San Andreas-The Movie
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San Andreas-The Movie

Something cool for the volunteers that perform CPR or might be considering learning this life-preserving technique.  The Block-Buster movie: "San Andreas" has opened to movie theaters worldwide and this movie needs no additional hype from this nonprofit. However, we wanted to give props to the verisimilitude of one scene. (We give away nothing that happens in the movie so it is safe to continue reading this post.) 

One reason that some healthcare providers are not advent aficionados of some medically-based television productions is the lack of "realism". "Epinephrine shot in the chest cures all." LOL  Nevertheless, the CPR scene in the movie "San Andreas" appeared to be accurate.  

Researchers have found that continuous chest compressions saves lives and should not be interrupted to give breaths. They believe that adequate chest compressions can deliver a constant flow of blood to the brain and body, thus increasing the victim's chances of recovering.  

For additional information on CPR view the American Heart Association's recommendations.

From WebMD: Cardiopulmonary Resuscitation (CPR) Treatment: First Aid Information for Cardiopulmonary Resuscitation (CPR)
A person is found down and out!
I. Check to see if they are responsive.
Tap the person's shoulder and shout, "Are you OK?"
Look for normal breathing. Call 911 if there is no response.
Start Hands-Only CPR.
Hands-Only CPR should not be used for adults whose cardiac arrest is due to drug overdose, near-drowning, or an unwitnessed cardiac arrest. In these cases, do a conventional CPR combination of chest compressions and rescue breathing.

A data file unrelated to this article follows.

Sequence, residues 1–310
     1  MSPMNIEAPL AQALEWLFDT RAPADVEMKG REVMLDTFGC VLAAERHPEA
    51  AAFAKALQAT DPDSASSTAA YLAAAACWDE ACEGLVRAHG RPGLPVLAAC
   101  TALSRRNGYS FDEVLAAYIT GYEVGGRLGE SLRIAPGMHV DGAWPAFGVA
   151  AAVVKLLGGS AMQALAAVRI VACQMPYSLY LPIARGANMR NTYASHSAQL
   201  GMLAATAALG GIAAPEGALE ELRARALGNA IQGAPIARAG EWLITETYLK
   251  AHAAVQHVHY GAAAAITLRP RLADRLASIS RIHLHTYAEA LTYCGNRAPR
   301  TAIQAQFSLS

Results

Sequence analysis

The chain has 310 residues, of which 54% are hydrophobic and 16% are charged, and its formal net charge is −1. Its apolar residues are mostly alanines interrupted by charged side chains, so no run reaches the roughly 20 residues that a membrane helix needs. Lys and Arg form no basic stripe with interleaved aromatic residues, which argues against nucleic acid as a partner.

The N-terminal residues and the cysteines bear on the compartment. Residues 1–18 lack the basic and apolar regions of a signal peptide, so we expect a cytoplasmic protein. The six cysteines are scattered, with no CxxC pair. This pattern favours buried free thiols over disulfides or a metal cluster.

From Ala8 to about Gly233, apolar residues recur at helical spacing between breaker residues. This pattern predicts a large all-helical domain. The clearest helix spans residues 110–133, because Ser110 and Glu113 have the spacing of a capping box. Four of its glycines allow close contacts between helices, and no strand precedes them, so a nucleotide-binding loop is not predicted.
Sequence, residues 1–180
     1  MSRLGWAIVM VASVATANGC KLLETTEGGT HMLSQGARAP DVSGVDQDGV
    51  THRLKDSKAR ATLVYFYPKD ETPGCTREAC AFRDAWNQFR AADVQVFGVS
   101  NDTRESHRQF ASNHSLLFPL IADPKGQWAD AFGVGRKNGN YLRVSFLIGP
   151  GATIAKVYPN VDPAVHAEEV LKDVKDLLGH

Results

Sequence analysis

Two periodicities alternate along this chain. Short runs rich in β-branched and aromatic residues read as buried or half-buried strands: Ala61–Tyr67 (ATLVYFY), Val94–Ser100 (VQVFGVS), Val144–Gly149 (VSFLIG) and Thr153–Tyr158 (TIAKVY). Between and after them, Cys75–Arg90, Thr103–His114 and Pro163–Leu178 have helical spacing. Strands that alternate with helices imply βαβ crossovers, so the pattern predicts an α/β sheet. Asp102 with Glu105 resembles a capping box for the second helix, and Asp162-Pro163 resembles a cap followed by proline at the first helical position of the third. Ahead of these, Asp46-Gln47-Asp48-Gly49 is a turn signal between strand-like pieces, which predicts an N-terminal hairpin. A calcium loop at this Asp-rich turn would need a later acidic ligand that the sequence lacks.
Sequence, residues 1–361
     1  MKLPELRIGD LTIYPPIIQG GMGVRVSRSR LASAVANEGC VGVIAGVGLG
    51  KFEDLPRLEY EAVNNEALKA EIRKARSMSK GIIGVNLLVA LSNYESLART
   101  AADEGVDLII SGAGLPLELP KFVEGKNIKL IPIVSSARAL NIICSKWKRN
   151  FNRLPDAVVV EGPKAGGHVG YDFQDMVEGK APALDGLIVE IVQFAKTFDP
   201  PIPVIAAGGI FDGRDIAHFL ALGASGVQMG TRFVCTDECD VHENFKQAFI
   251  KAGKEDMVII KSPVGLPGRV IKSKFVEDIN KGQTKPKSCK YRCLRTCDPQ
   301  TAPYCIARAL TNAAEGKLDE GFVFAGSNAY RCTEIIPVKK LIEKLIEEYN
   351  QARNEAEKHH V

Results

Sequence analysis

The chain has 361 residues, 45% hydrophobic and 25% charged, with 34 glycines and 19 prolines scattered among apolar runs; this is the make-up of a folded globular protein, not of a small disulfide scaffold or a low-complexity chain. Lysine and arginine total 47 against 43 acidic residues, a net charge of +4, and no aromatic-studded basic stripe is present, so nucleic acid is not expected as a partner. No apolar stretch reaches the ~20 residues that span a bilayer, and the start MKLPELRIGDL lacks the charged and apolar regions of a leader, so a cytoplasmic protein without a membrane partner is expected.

II. Do Chest Compressions
Place the heel of your hand on the center of the person's chest.
Place the heel of your other hand on top of your first hand, lacing fingers together.
Keep arms straight and your shoulders directly over your hands.
Push hard and fast, compressing chest at least 2 inches.
Let chest rise completely before pushing down again.
Compress at least 100 times per minute.
III. Don't stop chest compressions unless: 
*The person starts breathing normally
*A trained responder or emergency personnel arrive
*You are too tired to continue
*There is an automated external defibrillator (AED) to use
IV.  If an automated external defibrillator(AED) is available, use it!
-Resume compressions and follow AED prompts.


5 Comments to San Andreas-The Movie:

Comments RSS
Naomi Browne on Monday, July 27, 2015 10:34 AM
Interesting topic what you employ shared throughout us. your current writing skill is definitely very appreciative. we love Whenever people share your own views with the Best articles.
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Bryce on Friday, October 23, 2015 1:36 PM
The thing that really annoyed me in this film is probably the most minimal one! Dwayne Johnson plays a member of a rescue team right? So I would be right to assume he should be more than experienced with first aid? Well when he first tried doing CPR on his daughter he started with chest compression's but the first thing you are taught is if it is suspected to be a drowning victim then you do recovery breaths first!
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carl erik rinch on Sunday, November 22, 2015 2:09 AM
Great info about movie! Many congratulations that you could manage to write on this sensible issue. I am taking the helping tips and hope it will be useful for others too. Thank you so much.
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carl erik rinch on Sunday, November 22, 2015 2:13 AM
Nice posting!!It was always in my mind to read on this subject. I truly appreciate for your wonderful contribution over the same. I would like to read more from your blog site.
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Carol Frankie on Tuesday, January 05, 2016 5:01 PM
This is a great article that says a lot
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